Hiroshima City

The day before Karlee left, we all headed out to Hiroshima City for the day. We thought it might be a bit strange if she returned to Canada never actually having gone to the capital city. We didn't have any particular plan of what we were going to do for the day, but mostly just wanted to stroll around, shop, and see a few monuments.

The A-Bomb Dome
We took the train from Fukuyama west into Hiroshima City which took about 2 hours. About a 40 minute walk from the train station there is a whole area with parks, museums, and monuments. We let Theo run around and terrorize pigeons, or chibbins as he has taken to calling them, while we looked at the atomic bomb dome. This is a building that was destroyed when the atomic bomb was dropped on August 6th, 1945 and left standing as a memorial to all of the people killed by the bomb. It was originally a government building for the promotion of industry and the bomb was detonated almost directly above this building.

Nearby was the Hiroshima Peace Museum which we wanted to peruse, but realized that the kids would never be patient or quiet enough for us to enjoy it. I am not sure if "enjoy" is the correct word here, since I would most likely emerge from this museum pretty depressed and/or crying, but even so, I can't wait for the day when the kids are older and not every thing we do on a trip centers around them. Instead we let Theo give the peace bell a ring and headed over to the Children's Museum.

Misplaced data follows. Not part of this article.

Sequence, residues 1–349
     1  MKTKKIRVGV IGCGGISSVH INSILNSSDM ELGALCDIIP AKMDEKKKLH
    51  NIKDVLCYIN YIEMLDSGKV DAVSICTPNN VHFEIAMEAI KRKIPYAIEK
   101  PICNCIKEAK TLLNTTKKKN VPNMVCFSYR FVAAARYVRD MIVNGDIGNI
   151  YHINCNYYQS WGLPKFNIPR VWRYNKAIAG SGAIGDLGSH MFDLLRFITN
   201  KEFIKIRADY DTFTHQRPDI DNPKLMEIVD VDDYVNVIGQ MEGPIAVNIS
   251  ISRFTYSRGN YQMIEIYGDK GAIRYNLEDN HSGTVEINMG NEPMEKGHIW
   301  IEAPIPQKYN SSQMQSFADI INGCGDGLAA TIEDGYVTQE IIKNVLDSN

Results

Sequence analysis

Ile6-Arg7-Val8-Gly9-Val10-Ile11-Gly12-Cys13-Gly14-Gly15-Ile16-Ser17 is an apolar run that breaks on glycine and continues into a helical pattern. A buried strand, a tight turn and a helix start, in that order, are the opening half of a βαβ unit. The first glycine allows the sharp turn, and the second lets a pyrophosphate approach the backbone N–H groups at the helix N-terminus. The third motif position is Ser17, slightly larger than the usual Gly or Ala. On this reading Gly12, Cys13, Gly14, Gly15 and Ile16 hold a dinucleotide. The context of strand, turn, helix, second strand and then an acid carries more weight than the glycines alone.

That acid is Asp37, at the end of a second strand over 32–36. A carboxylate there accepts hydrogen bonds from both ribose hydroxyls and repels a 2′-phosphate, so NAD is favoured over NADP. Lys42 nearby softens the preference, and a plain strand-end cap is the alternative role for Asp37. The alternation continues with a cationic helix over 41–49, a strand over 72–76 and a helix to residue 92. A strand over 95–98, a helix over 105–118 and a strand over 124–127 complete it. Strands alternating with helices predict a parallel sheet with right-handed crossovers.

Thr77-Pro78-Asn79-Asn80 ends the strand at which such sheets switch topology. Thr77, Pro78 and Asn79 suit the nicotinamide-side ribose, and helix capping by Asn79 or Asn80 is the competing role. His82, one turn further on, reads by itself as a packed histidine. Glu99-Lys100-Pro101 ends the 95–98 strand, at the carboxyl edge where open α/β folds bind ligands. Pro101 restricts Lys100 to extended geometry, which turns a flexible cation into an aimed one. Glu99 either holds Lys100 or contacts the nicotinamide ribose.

This was a fantastic (and free) museum that had three floors of hands on exhibits to explore and a planetarium. After a morning of sightseeing, Theo was freakishly happy to be able to run around, touch, and climb everything in sight. 

Ummm, I'm not so sure about this one....

Our last tour for the day was at the Hiroshima Castle. Outside, the boys and I checked out a few very neat old trees that survived the atomic bomb and some cute turtles in the moat around the castle.

The castle was originally built in 1590 but was destroyed by the bomb. It was reconstructed in 1958.

There were a hand full of exhibits inside and a chance to dress up in costume. Theo was pumped that he got to dress up as a samurai. The helmet itself weighed about 15 lbs. so I am surprised he kept it on as long as he did.

Before we turned back to the station, we had a supper of okonomiyaki. These are savory pancakes made from flour, cabbage, noodles, and your choice of meats and other vegetables fried on a large griddle. Okonomiyaki is made all over Japan, but Hiroshima prides itself as the only place that makes them the right way. This was my first time to have them Hiroshima-style and they were fantastic. Pictured here is the "deluxe okonomiyaki" with soba noodles, cabbage, pork, cheese, and mochi, topped with okonomiyaki sauce, shiso flakes, and sesame seeds. Yum!

I wouldn't say that Hiroshima was the most interesting city that I have spent the day wandering in, but none the less, we had a great time strolling around. 


Anonymous said...

Love the blog!! Thanks for putting this together so we can 'travel' with you! :)

Laura said...

Thanks Shanon! I hope that everything is going well in your neck of the woods

Mark Pendergrast said...
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